We can be sure that at least some halogen lamps are well crafted, because halogen lamps from most major manufacturers...

Nicolette on September 16, 2014

Please explain

The answer is B. However, I do not understand how this matches the reasoning in the argument. When I diagram I do not get parallel results. I chose C, and do not see how it is incorrect.

1 Reply

Melody on September 23, 2014

Let's break down the argument:

"Any item on display at Furniture Labyrinth is well crafted."

PR: ODFL ==> WC
not WC ==> not ODFL

"halogen lamps from most major manufacturers are on display at Furniture Labyrinth."

NOTE: These are a specific type of halogen lamp--those from most major manufacturers. We do not know how many other types there are. Thus, we will write this out "some halogen lamps are on display at Furniture Labyrinth."

P: HL-some-ODFL
ODFL-some-HL

Thus, "we can be sure that at least some halogen lamps are well-crafted."

C: HL-some-WC
WC-some-HL

Remember, we can connect a "SOME" statement to a Sufficient & Necessary statement if the right-hand side variable of the "SOME" statement is the same as the sufficient condition of the Sufficient & Necessary statement. We have this scenario in the above argument, so we can combine "PR" and "P1" as follows:

HL-some-ODFL ==> WC

From this we can conclude: HL-some-WC, which is our conclusion. Our correct answer will have the same exact reasoning as the argument above.

Answer choice (B) states: "We can be positive that there are at least a few disturbing sonnets, given that Melinda has written several different kinds of sonnets; everything Melinda writes is disturbing."

Let's break the argument down.

"everything Melinda writes is disturbing."

PR: MW ==> D
not D ==> not MW

"Melinda has written several different kinds of sonnets;"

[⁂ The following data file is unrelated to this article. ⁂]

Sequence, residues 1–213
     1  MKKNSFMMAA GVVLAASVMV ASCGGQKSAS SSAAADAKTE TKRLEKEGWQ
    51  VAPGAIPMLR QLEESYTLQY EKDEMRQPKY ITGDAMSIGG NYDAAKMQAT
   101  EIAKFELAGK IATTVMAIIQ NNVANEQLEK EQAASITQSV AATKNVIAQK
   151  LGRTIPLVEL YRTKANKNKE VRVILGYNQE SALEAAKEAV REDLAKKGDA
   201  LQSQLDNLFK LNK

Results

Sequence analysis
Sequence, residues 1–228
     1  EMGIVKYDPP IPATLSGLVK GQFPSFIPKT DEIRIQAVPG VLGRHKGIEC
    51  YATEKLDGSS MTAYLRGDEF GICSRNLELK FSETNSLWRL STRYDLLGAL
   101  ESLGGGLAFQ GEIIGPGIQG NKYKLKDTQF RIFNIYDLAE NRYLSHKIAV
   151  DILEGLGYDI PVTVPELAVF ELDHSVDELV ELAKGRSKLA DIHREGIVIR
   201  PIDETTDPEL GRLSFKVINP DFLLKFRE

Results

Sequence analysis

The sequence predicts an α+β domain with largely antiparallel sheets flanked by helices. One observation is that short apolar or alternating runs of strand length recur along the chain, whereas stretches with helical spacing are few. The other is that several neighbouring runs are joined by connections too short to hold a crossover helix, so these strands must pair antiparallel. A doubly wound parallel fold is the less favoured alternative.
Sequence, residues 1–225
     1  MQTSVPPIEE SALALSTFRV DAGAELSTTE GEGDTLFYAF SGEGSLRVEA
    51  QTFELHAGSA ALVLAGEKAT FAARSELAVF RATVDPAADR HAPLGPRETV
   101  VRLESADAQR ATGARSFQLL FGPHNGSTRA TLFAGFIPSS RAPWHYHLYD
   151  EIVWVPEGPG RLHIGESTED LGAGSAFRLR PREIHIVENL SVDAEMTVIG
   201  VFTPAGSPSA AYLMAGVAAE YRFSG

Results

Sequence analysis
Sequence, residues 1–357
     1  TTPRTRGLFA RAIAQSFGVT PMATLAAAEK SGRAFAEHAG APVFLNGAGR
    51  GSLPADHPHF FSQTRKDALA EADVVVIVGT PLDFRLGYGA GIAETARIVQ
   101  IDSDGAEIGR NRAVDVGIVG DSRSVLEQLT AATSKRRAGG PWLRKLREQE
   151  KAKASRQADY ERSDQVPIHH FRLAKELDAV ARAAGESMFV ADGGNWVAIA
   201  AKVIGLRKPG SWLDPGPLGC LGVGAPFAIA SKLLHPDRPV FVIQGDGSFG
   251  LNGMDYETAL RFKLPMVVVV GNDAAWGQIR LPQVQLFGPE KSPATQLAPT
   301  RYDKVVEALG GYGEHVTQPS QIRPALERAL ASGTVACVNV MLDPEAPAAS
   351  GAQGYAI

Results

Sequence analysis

P1: MW-some-S
S-some-MW

"We can be positive that there are at least a few disturbing sonnets,"

C: S-some-D
D-some-S

Just as in the stimulus, we have a "SOME" statement whose right-hand side variable is the same as the sufficient condition of the Sufficient & Necessary statement. So, we can combine "PR" with "P1" like so: S-some-MW ==> D to conclude: S-some-MW. Thus, answer choice (B) is the correct answer because it has the exact same reasoning as the argument in the stimulus.

Answer choice (C) states: "We can be sure that Gianna will get at least some good mechanical work done to her car, because she can have her car worked on at any several shops in the city, and every shop is capable of doing good mechanical work."

"every shop is capable of doing good mechanical work."

PR: S ==> CGMW
not CGMW ==> not S

"she can have her car worked on at any of several shops in the city,"

P: S

"We can be sure that Gianna will get at least some good mechanical work done to her car,"

C: some GMW

As you can see, this does not have the same reasoning as the argument in the stimulus. In the stimulus we combine a Sufficient & Necessary statement with a "SOME" statement to properly conclude a "SOME" statement.

This argument does not have a premise that is a "SOME" statement. The sentence "she can have her car worked on at any several shops in the city," is neither a Sufficient & Necessary statement, nor is it a Quantity statement. It's merely a statement of fact that acts as one of the premises.

Hope that clears things up! Please let us know if you have any other questions.